• Joseph does not investigate whether Mary conceived in a field or not.  And he chooses not to search for the man either.
  • Also note that the adultery law only applies if the woman is married.  It says nothing about a married man having sex with a woman that is unmarried.  

    • Marriage was a property exchange, and a way to determine the handing down of goods from Father to Son.  
    • Sex with a married woman throws into question the validity of the husband’s property line.
    • Also, marriage is required if a man rapes an unengaged woman, and the reparations are paid to the father.
  • Ultimately, this is about God’s action in the child that is coming.  

    • This birth is “of God.”  
    • The child will fall into the line of David.  
    • Neither Mary nor Joseph have any words in this narrative.  The only words are from the angel.  The only “action” is obedience.
  • Two names of the child tells us about the nature of God:

    • Jesus, meaning “God saves”

      • Jesus is the Latin translation of Joshua!

        • Jesus is presented as both the new Moses who will bring people out of the bondage of sin and the new Joshua who will bring them into the Promised Land- the Kingdom of God
      • Matthew makes it clear that Joseph named Jesus.  This is the ultimate act of him claiming the boy as his own, thus adopting him into the line of David. (Eugene Boring, The New Interpreters Bible v. viii Matthew, p. 136)
      • “Many Christians are uncomfortable with the expression ‘Jesus son of Joseph,’ because it sounds to them like a denial of the virgin birth.  For Matthew, it was essential that Jesus be recognized as truly the son of Joseph, because only so was he an authentic descendant of David” (Douglas Hare, Interpretation: Matthew p. 11)
    • Emmanuel, meaning “God is with us”

      • The meaning of the “virgin birth” is not to make great theological interpretations about things like original sin, or biological theories about DNA.  It is about simply “God is with us.”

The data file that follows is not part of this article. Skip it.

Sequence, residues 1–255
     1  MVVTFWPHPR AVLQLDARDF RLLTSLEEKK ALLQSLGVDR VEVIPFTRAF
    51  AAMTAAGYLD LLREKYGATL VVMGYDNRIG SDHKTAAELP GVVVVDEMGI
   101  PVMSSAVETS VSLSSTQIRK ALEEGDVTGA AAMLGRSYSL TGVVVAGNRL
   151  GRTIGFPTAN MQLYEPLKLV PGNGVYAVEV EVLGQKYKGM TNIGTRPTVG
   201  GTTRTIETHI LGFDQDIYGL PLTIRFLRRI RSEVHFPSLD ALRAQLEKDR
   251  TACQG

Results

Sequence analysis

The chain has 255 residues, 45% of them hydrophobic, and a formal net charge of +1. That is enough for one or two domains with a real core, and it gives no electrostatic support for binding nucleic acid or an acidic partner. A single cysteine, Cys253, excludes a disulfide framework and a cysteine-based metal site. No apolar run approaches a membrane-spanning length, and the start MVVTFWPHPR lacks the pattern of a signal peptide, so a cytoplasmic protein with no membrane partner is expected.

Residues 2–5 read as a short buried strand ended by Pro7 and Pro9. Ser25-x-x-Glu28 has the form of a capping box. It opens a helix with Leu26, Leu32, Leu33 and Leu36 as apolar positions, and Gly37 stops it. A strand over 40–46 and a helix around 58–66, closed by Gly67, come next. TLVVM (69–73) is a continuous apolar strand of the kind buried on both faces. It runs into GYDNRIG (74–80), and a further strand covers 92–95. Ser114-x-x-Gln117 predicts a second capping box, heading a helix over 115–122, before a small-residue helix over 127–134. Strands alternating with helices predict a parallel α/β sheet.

• The great mystery of Immanuel is that God is with us, and that is enough.

Sermon Thoughts and Questions:

  • How often do we choose the easy choice because it is “right” within the bylaws or laws instead of the hard choice which may lead to persecution but embraces the love of God?
  • We often focus on Mary and what it was like to be a teenage mother- what about Joseph the teenage father of a child who isn’t his, yet adopts him anyway. In what ways are we like Joseph?

Psalm Nugget: Psalm 80:1-7, 17-19 Richard Bruxvoort Colligan

Second Reading:  Isaiah 7:10-16 The young woman’s child
Initial Thoughts

  • There are so many layers to this text, especially in this time of year, it is hard to sort it all out.
  • Controversy over “young woman” or “virgin,” is not that cut-and-dry, and probably mattered little to original writer and readers of the text.

    • Popular ‘liberal’ reading: Hebrew almah always meant young woman, and Matthew was quoting the Greek Septuagint, which used word parthenos, which could mean either young woman or virgin.
    • Then Matthew extrapolated virginity out of a misunderstanding of Isaiah text, and early English translators went with “virgin” instead of “young woman,” but it could have gone either way.
    • “In my now older increased scholarly humility—well, somewhat increased humility—I know that that entire linguistic discussion is rather more complex. 'almah could in fact mean virgin, though Hebrew does have another word that usually does mean that, bethulah. Thus, I do not any longer excoriate those who try to prove Jesus' miraculous birth simply by quoting these texts. What Isaiah "meant" and what Matthew "meant" may finally be beyond our ability to recover, given the two millennia and more that have passed since their writing.” (John Holbert, Patheos. Holbert has a PhD in Hebrew Bible and was the Fred Craddock Professor of Homiletics at Perkins School of Theology).